About eight years ago, right about the time a *gasp* black man won the presidency, Republicans chose to stop governing and become known only as the party of
During the eight years Republicans were holding their collective breaths until they turned orange, they managed to block a lot of pretty common sense legislation, like infrastructure investment and protecting military personnel from losing their children while fighting GOP wars. The most egregious example of GOP obstructionism, though, was toward President Obama’s third Supreme Court Pick, Merrick Garland.
Joe Biden, in a speech at the newly minted University of Pennsylvania Center for Diplomacy and Global Engagement, said he spoke to a lot of the Senators and several confessed to him that not giving Garland the up or down vote was a mistake, but they went along with it for the worst possible reason.
“I call 17 Republicans and say, ‘You know better,’” Biden said Thursday. “Nine of them said to me, ‘You’re right Joe, but I can’t do anything about it because if I do the Koch brothers or somebody is going to drop $5 million into my race and I’ll lose my primary.’”
Biden’s solution I something that most of us can agree upon, get money out of politics:
“You want to change American politics tomorrow? Pass public financing of elections,” Biden said.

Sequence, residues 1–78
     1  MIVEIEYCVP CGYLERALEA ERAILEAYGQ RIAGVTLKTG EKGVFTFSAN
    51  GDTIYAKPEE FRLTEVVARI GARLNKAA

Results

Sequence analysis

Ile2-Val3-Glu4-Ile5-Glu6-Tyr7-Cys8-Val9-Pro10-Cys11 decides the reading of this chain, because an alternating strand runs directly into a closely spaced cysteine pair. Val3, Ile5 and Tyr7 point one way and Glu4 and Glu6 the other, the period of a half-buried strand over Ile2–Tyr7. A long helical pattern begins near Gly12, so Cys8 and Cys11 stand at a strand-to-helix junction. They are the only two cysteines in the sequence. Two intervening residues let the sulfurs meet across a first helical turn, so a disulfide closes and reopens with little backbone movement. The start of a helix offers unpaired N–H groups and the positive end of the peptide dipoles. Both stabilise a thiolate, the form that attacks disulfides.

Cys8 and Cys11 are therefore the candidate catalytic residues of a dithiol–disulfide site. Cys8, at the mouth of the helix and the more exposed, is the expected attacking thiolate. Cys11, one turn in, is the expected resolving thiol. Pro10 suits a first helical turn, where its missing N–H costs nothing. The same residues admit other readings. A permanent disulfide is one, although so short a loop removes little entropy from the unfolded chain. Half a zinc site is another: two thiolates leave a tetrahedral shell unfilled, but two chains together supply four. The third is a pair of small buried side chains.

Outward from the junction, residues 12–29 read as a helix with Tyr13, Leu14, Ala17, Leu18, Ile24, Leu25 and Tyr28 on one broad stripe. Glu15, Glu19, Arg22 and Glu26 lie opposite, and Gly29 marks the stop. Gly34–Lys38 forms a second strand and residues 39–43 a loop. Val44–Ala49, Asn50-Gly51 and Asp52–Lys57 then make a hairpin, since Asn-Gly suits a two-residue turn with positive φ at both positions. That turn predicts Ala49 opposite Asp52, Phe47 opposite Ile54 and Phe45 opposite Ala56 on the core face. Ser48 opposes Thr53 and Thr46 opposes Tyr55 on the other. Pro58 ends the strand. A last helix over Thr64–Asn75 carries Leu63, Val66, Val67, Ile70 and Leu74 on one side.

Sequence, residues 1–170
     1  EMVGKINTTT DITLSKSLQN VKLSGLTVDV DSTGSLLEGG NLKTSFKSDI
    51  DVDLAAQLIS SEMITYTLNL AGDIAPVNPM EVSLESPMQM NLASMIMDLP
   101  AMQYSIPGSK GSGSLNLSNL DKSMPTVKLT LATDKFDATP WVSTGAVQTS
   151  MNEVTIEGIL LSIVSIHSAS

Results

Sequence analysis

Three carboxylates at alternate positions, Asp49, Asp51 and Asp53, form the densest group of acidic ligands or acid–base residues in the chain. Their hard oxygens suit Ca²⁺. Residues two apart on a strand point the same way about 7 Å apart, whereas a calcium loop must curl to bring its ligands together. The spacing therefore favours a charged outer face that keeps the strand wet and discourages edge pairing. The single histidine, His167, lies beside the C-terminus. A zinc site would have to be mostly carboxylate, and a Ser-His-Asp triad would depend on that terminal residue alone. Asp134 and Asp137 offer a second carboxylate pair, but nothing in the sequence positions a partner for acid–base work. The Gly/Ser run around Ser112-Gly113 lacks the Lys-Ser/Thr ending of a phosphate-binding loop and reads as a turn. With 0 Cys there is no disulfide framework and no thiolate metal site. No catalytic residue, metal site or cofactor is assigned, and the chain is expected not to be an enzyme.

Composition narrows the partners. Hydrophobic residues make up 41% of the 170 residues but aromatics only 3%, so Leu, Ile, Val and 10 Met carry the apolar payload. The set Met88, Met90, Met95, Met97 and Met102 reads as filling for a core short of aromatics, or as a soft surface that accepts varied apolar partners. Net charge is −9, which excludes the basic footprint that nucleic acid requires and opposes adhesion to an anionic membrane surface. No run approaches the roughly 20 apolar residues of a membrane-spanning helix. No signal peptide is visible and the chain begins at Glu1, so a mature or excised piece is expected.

Republicans actually blamed Biden for their refusal to confirm Garland. They blamed the “Biden rule,” which supposedly said that they shouldn’t confirm a lifetime appointment in an election year. Republicans are wrong. Biden did say that election years are contentious times to make a lifetime appointment, but he also said that confirming after the election is just fine.
“Some will criticize such a decision and say it was nothing more than an attempt to save a seat on the court in the hopes that a Democrat will be permitted to fill it. But that would not be our intention, Mr. President, if that were the course we were to choose in the Senate — to not consider holding hearings until after the election. Instead, it would be our pragmatic conclusion that once the political season is under way, and it is, action on a Supreme Court nomination must be put off until after the election campaign is over.”
So, if Republicans really wanted to play by Biden’s “rule,” Garland should have gotten a vote in November.
Featured image via Monica Shipper/Getty Images.